The opinion of the court was delivered by: Sylvia H. Rambo United States District Judge
On September 8, 2010, the court received by facsimile a letter from Frederick Fanelli, Esquire, attorney for Dennis Campbell. In his letter, Attorney Fanelli alerted the court that his client intends to assert his attorney-client privilege at trial if asked about the contents of a five-page document that Campbell prepared for Attorney Fanelli in preparation of his defense of then-anticipated criminal charges.
On September 10, 2010, the court received a letter by e-mail from Michael Schwartz, Esquire, attorney for the Defendant in this case, Joseph Nagle. Attorney Schwartz stated that he believes Campbell never intended for his memo to be a confidential communication, and, thus, it is not subject to the attorney-client privilege, or, if the document is privileged, the crime-fraud exception applies to overcome the privilege. Both Attorney Fanelli's and Attorney Schwartz's letters were docketed, under seal, as Document number 91. On September 13, 2010, the court held a conference call involving counsel for Campbell and Nagle as well as the Government. On September 27, 2010, the court held an evidentiary hearing as to whether Campbell retained his privilege in the communication in question. All parties were present at that hearing and were represented by counsel.
Because the court writes primarily for the parties, the court will not go into elaborate detail about the facts underlying the felony information against Campbell and his subsequent guilty plea, or the charges underlying the indictment of Nagle.
The document in question is a five-page chronology created by Campbell on or about December 3, 2007, and last modified on December 6, 2007, which ironically is the date that Campbell's employment with Schuylkill Products, Inc. ("SPI") ended. The document was prepared by Campbell at the request of his attorney, and generally summarizes a chronology of his employment with SPI and the events giving rise to the criminal charges against him. Campbell could not remember whether he initially created the document on his work computer during working hours, or whether he created it at home on his wife's computer and then transferred it to his work computer. In any event, it is undisputed that by December 3, 2007, the document was saved as a Microsoft Word document titled "DFC Chronology" on Campbell's SPI-owned laptop in the following location: C:\Documents and Settings\DCampbell\Desktop\dfc\marikina plan. (See Def.'s Hr'g Ex. 3., screen shot.) Because of its location, it is apparent that this document was not saved on SPI's server, but instead was saved on the laptop's hard drive, thus making it accessible to others only if it was viewed from Campbell's computer.
Campbell testified at the hearing that his laptop was password protected, but he could not be sure whether he had given others his password. He did acknowledge, however, that there were times that Denise Wiederhold, an administrative assistant at SPI, would access his computer to look for documents that he created, and, thus, that she must have had his password. According to both Campbell and Ms. Wiederhold, when she was asked to access Campbell's computer, she went only to the places directed to her by Campbell and that she only accessed the computer when asked to do so.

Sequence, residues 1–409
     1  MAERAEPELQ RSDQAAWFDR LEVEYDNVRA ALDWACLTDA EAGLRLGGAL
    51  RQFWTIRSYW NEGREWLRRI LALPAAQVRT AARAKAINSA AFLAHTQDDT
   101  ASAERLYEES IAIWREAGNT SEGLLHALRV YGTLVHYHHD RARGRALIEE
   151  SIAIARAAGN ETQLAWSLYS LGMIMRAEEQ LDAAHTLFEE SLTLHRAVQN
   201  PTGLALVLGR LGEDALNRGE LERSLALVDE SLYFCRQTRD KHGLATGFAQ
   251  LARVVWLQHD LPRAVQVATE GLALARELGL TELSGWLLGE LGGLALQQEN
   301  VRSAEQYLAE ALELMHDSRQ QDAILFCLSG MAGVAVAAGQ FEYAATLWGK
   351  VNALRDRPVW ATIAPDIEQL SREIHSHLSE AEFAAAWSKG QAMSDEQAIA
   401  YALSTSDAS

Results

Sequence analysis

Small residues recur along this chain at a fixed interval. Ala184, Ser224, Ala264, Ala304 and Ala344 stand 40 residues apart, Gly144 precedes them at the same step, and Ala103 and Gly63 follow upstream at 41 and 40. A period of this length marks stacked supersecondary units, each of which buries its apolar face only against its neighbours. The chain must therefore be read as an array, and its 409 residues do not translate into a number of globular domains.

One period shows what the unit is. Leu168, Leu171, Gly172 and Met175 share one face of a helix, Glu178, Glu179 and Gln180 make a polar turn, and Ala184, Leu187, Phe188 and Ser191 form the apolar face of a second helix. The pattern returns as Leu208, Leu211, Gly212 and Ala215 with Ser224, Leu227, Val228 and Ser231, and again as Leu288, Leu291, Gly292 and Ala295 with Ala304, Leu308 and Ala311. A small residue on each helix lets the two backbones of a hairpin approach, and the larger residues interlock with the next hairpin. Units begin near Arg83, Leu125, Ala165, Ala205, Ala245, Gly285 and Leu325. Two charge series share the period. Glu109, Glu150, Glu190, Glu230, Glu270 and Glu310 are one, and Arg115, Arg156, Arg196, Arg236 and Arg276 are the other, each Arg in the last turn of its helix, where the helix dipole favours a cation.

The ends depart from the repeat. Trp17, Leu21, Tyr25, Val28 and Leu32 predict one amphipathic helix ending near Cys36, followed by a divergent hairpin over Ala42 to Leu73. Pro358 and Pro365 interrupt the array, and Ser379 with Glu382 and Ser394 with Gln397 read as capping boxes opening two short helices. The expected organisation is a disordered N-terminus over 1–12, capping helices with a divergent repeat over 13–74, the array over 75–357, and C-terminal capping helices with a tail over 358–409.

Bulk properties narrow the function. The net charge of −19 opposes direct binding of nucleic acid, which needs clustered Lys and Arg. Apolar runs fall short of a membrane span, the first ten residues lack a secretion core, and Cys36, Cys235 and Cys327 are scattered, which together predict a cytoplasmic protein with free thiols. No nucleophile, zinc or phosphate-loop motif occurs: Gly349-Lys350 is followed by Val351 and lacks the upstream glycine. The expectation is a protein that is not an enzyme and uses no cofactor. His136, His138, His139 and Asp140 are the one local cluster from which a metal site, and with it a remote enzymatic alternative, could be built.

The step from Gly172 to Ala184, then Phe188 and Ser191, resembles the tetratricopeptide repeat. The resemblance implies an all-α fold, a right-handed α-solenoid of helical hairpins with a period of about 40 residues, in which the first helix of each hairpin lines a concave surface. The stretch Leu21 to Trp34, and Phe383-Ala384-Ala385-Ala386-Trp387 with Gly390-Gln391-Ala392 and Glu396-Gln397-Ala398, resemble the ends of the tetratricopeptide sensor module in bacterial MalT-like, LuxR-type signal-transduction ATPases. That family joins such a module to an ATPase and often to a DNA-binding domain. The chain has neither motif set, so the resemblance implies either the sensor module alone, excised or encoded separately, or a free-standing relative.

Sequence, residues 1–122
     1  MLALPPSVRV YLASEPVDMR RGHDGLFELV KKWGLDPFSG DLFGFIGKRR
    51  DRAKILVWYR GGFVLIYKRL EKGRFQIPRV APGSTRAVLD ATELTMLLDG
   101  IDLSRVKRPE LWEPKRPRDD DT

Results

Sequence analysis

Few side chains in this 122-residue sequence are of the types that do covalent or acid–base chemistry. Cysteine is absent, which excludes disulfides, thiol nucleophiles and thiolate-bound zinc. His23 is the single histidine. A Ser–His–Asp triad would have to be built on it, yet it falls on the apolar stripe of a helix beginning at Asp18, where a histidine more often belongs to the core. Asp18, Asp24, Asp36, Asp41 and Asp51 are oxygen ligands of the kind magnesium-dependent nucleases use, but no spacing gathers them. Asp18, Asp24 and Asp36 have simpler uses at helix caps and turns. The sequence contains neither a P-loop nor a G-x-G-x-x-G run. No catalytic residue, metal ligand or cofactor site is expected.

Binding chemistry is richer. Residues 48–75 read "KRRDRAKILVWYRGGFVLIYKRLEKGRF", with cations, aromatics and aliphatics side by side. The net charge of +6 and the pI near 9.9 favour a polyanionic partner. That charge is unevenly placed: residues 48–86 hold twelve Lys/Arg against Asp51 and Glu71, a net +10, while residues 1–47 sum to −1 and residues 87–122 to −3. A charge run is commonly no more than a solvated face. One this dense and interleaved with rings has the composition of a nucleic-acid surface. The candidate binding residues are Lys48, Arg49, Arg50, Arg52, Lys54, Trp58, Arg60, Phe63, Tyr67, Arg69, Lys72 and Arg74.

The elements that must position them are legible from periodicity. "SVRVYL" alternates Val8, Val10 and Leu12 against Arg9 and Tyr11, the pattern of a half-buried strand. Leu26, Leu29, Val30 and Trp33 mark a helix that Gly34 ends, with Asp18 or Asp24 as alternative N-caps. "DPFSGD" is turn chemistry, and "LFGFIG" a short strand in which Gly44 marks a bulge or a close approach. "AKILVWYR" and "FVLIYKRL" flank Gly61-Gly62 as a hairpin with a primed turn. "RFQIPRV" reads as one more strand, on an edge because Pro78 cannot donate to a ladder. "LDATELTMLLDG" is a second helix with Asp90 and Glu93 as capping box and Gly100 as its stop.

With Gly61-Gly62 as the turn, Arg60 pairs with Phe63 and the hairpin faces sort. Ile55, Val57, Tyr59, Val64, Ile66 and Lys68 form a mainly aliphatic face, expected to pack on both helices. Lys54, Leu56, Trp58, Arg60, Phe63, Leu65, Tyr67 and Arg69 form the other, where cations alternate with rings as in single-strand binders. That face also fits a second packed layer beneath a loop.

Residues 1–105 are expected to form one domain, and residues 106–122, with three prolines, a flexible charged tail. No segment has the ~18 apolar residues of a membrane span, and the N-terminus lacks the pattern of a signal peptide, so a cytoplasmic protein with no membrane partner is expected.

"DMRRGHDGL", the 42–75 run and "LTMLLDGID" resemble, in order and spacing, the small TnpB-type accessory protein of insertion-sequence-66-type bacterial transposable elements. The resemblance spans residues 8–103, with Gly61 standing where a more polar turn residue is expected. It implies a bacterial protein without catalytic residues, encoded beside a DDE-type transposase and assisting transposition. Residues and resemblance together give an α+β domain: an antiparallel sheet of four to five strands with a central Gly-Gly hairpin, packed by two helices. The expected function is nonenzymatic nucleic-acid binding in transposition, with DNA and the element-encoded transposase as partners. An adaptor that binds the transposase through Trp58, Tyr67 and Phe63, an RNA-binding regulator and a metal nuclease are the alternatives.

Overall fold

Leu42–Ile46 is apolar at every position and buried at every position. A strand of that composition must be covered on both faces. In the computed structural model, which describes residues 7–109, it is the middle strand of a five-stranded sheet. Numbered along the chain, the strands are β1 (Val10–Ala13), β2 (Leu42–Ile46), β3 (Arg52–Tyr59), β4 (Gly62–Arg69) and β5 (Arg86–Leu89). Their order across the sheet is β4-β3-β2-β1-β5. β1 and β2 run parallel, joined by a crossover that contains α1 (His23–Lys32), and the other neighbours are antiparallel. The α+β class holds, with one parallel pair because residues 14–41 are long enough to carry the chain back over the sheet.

In addition to Campbell and Ms. Wiederhold, Nagle also testified at this hearing. Each of these witnesses acknowledged that they used their SPI-owned computers for both work and personal purposes, and that SPI had no policy prohibiting them from doing so. However, Nagle presented the testimony of George Paul, SPI's former human resources manager. Mr. Paul testified to and authenticated Defendant's Exhibit 1, which is a document titled "Computer & Internet Usage Policy." (See Def.'s Hr'g Ex. 1.) In relevant part, this policy states:
Employee's Internet and e-mail activity is NOT private.
Such activity may be monitored and reviewed periodically by authorized individuals to perform normal system maintenance, to determine whether anyone outside SPI has gained unauthorized access to the systems and to ensure employees' compliant with SPI's policies regarding such systems. (Id.) Mr. Paul testified that each employee with access to a computer was given a copy of this policy at the time of its creation, or in the event that they were hired later, at the time of their hire. They were asked to sign it and a copy was to be maintained in the employee's personnel file. Mr. Paul testified that it was up to the department managers to ensure that the policy was signed. However, he testified that he did not know how the policy was enforced.
Despite this testimony, Campbell, Nagle and Wiederhold each testified that they were not aware of the written policy and none of them could be sure whether they had ever signed such a policy. There was no evidence produced at the hearing that a signed, or unsigned, copy of the policy was in any of these individuals' personnel files. In fact, Nagle testified that he only recently became aware of the existence of this written policy despite the fact that he was the President and CEO of SPI.*fn1
Campbell was fired from SPI on December 6, 2007. After his termination, he was escorted to his office by Mr. Paul so that he could gather his personal effects. Campbell testified that he informed Mr. Paul that he wanted to get some information off of his computer, specifically his Microsoft Outlook contacts, and his "DFC file." Campbell testified that he was told by Mr. Paul that he was not allowed to do this at that point, but that Mr. Paul would talk to Nagle and get back to him. Campbell says that he called Mr. Paul after his termination, but that Mr. Paul never responded to his call. Mr. Paul relayed a slightly different version of events. He acknowledges that Campbell asked to get some information off of ...